Tuesday, January 27, 2015

CORE RESPONSE: Who Exactly are the Agents of Ideological Hegemony in the Current Era of TV?

We are currently experiencing one of the golden eras of television. The convergence of artistry, craft, storytelling, and performance across genres, network and cable, and stories that speak to different lived experiences has cemented the commercial and quotidien relevance of television over film. Considering that we live during a time of (perceived) increased transparency with regards to corporations and state agents, it seems prudent to apply the analytic frameworks posited by Newcomb & Hirsch, as well Gitlin (with an assist from Gramsci) to case studies that will identify the agents of ideological hegemony of the shows with the most critical and commercial appeal (the usual suspects: Game of Thrones, Orange is the New Black, House of Cards, Breaking Bad).

Victor Turner's "liminal stage" is a site for further analysis. It is the space in which banal and mundane is deconstructed into cultural units, which are then reconstructed into, in this case, television. (Newcomb & Hirsch 563-564) I wouldn't want to be reductive and make literal something that shouldn't be, but which people and interests are informing and dictating the negotiation of life and society in the liminal stage? Is it the content creator (writer, the showrunner, producer) or corporate interests? Or do interests and agency not even factor in this space, but rather socialization or social norms? I don't say this diminish the need for accountability of The Man, but understanding the crushing weight of oppressive social systems may be constructive.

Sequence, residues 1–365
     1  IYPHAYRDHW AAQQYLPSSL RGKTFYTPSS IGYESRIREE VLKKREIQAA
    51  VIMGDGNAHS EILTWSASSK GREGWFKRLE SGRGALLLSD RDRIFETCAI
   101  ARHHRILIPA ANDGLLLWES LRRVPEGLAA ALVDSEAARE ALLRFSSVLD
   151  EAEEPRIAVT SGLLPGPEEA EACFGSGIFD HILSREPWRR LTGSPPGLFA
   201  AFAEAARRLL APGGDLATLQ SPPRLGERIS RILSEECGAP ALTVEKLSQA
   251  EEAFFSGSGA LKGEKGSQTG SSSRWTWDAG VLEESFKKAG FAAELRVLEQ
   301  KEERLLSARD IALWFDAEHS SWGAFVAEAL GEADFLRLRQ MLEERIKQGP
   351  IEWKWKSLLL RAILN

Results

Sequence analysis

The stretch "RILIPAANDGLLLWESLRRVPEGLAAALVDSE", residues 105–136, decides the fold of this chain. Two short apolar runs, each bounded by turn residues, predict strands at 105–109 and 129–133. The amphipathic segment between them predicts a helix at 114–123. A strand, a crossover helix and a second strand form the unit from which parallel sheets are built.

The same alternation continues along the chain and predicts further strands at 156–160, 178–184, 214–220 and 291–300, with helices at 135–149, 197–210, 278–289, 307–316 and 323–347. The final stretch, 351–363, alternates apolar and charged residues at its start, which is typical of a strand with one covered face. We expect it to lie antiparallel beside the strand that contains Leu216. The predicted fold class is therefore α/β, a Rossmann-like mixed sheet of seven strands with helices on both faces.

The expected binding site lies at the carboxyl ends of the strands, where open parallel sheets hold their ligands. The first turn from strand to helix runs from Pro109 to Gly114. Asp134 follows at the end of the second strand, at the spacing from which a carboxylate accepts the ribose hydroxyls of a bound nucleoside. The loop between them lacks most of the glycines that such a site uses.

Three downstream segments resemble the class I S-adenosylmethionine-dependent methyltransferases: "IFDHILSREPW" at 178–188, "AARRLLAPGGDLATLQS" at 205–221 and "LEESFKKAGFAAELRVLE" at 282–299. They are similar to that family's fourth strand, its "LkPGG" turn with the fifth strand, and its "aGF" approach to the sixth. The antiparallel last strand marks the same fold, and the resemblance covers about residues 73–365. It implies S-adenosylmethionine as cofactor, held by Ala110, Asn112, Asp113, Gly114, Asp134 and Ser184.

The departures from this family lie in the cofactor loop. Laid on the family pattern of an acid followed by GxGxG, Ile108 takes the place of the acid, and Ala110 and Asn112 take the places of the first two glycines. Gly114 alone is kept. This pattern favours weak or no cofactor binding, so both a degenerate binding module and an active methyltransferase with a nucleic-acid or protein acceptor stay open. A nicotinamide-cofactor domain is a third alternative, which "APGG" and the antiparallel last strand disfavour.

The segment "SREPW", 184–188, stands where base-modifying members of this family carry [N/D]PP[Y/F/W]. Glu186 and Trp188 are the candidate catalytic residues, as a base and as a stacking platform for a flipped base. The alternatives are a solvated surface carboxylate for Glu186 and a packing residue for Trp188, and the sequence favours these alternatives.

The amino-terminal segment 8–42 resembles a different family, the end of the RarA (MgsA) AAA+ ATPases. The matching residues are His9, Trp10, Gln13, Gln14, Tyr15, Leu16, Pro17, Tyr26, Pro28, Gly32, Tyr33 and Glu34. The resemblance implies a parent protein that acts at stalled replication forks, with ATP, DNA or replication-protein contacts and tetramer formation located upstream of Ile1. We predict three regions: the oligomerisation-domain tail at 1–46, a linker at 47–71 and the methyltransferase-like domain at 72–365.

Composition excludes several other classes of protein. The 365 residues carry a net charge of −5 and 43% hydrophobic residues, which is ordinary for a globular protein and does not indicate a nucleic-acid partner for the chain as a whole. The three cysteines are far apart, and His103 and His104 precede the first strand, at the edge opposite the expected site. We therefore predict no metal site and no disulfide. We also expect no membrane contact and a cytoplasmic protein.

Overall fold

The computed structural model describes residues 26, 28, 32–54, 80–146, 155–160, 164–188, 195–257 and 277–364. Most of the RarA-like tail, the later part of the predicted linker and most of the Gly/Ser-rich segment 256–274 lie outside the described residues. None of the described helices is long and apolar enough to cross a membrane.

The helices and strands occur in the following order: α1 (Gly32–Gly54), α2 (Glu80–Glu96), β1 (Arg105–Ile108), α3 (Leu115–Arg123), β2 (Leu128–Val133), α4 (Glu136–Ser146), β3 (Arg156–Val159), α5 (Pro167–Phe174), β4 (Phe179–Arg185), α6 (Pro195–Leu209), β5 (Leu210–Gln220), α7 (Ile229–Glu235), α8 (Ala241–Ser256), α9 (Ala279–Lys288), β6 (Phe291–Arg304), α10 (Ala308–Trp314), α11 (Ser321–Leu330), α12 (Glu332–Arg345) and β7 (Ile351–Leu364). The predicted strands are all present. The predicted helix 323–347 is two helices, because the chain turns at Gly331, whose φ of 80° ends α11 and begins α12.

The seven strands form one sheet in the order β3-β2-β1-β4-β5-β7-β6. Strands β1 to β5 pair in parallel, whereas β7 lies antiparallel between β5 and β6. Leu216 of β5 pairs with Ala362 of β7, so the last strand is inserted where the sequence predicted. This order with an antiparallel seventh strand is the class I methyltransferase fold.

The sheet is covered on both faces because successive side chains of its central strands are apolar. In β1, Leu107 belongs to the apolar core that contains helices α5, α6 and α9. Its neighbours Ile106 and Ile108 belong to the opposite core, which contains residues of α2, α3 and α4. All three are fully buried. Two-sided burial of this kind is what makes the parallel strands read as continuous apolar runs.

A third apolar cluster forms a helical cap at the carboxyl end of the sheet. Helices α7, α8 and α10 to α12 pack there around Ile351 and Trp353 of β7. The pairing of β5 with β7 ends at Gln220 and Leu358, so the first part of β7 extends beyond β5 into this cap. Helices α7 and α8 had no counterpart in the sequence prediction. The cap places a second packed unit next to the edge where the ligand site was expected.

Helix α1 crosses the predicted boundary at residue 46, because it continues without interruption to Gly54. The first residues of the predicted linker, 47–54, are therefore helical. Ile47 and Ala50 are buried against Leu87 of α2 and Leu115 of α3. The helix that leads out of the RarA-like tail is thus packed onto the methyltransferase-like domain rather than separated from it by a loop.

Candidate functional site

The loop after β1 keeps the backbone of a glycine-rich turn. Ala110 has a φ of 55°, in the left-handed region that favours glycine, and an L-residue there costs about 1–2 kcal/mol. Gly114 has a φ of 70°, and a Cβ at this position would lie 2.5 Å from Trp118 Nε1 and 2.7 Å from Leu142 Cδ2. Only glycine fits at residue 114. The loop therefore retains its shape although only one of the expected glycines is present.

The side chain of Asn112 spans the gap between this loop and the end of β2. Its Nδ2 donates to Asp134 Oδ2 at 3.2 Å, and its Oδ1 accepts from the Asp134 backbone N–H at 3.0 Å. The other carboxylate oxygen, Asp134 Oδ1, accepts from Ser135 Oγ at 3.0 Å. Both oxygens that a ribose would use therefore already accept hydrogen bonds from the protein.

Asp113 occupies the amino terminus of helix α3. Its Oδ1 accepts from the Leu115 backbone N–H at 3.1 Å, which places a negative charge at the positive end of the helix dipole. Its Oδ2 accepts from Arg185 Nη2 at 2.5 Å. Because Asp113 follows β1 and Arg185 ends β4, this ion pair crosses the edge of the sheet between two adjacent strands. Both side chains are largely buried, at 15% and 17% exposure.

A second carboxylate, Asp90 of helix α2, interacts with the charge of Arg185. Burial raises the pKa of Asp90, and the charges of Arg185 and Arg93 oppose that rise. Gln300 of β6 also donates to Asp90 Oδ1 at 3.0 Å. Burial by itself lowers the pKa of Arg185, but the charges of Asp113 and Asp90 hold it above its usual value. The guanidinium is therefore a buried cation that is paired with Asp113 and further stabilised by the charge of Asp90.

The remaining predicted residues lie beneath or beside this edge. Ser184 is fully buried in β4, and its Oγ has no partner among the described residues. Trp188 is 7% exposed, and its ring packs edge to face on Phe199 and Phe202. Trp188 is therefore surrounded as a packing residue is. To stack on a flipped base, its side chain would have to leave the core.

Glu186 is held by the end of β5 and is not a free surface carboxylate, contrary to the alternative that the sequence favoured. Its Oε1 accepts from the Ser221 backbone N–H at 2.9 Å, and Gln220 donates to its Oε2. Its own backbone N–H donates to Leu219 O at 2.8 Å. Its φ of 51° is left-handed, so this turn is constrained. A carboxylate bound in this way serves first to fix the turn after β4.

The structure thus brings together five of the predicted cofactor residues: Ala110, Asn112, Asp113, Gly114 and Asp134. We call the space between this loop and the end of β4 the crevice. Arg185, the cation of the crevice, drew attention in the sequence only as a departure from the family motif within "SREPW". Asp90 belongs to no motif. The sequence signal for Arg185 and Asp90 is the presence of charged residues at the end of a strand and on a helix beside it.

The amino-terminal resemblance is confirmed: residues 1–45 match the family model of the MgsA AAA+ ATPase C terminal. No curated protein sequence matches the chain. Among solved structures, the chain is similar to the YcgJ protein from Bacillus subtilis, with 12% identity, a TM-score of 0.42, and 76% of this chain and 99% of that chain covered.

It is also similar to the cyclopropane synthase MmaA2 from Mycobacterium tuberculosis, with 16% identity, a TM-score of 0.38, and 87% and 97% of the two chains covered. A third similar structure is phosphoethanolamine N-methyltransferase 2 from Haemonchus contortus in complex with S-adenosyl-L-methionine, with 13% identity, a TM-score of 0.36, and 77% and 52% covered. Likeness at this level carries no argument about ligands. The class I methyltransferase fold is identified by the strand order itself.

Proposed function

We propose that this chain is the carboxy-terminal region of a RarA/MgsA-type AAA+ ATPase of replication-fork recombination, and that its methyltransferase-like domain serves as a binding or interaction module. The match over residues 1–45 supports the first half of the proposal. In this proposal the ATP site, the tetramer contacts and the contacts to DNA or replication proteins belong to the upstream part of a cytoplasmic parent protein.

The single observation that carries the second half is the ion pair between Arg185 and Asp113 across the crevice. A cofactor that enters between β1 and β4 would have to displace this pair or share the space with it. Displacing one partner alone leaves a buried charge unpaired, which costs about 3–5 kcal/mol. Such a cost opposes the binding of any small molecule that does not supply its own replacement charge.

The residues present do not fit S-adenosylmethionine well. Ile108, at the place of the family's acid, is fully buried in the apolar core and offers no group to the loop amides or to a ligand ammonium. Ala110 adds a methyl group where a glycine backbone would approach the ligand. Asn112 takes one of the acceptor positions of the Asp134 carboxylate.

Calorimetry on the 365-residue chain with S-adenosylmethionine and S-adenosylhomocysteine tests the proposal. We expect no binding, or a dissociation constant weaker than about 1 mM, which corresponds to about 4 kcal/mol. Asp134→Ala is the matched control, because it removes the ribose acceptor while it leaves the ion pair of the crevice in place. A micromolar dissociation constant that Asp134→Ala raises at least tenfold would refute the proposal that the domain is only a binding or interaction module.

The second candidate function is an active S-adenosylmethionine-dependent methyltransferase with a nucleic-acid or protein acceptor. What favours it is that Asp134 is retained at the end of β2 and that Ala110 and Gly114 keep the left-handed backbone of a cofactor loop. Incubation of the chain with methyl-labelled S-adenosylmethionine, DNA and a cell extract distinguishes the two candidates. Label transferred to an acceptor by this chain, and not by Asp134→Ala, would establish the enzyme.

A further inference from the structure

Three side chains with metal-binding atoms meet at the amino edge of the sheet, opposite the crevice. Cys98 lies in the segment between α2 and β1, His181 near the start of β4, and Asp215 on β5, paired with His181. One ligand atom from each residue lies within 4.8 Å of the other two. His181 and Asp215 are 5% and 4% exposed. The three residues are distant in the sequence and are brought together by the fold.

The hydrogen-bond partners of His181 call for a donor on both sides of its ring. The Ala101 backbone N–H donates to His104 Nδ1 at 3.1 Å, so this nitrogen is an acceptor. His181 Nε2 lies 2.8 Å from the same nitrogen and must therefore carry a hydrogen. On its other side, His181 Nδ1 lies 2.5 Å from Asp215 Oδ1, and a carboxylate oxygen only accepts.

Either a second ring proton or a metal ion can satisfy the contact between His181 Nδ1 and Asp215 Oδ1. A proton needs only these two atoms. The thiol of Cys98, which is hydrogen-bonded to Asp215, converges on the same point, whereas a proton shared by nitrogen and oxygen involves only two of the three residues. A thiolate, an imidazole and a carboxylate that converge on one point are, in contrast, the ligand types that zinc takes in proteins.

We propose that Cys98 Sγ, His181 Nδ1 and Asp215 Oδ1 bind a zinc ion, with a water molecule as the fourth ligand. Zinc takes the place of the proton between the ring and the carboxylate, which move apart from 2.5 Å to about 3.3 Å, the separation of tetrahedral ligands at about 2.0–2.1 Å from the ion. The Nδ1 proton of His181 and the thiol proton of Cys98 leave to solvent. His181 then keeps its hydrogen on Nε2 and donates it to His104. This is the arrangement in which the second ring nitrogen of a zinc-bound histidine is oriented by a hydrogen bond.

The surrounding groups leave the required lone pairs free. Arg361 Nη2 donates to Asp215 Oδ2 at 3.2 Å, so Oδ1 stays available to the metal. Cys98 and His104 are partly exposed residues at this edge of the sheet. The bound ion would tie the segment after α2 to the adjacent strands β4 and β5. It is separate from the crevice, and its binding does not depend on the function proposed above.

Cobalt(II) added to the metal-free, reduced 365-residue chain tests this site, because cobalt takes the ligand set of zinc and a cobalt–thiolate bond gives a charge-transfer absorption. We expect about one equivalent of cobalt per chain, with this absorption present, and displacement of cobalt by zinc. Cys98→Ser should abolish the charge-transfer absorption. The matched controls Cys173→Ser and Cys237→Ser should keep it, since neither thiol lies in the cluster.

In his section "The Hegemonic Process in Liberal Capitalism," Gitlin provides a macro look at the hegemonic process. With that as a foundation, and applying Gitlin, as well as Newcomb & Hirsch's work to contemporary television, who are the agents of ideological hegemony with the current crop of TV? Are shows that seemingly put artistry and storytelling first working for the purposes of control? (Newcomb & Hirsch 562) If so, what people and interests are negotiating a status quo reality into shows that create space for transgender people (OITNB), question the nefarious nature of the U.S. government (House of Cards [yes, even though it is a remake]), take down the White Savior myth (Game of Thrones [assuming the forthcoming seasons are critical of Daenarys as much as George R.R. Martin is]), and so on and so forth. In this vein, it seems that a holistic case study, from optioning/development to airing and marketing, of these shows, of governmental, corporate, and artistic interests is necessary.

These shows aren't bastions of radical thought by any means. But it is hard to argue with the critical nature and increased visibility of marginalized groups, that is present in today's most commercially successful shows. I'm cynical so I'm wary of The Man lulling people into complacency, but that's me.


Gitlin, Todd. "Prime Time Ideology: The Hegemonic Process in Television Entertainment." Social Problems, Vol. 26, No. 3 (February 1979), pp 251-266.

Newcomb, Horace and Paul M. Hirsch. "Television as a Cultural Forum." Quarterly Review of Film Studies.  Summer 1983, pp. 561-573.

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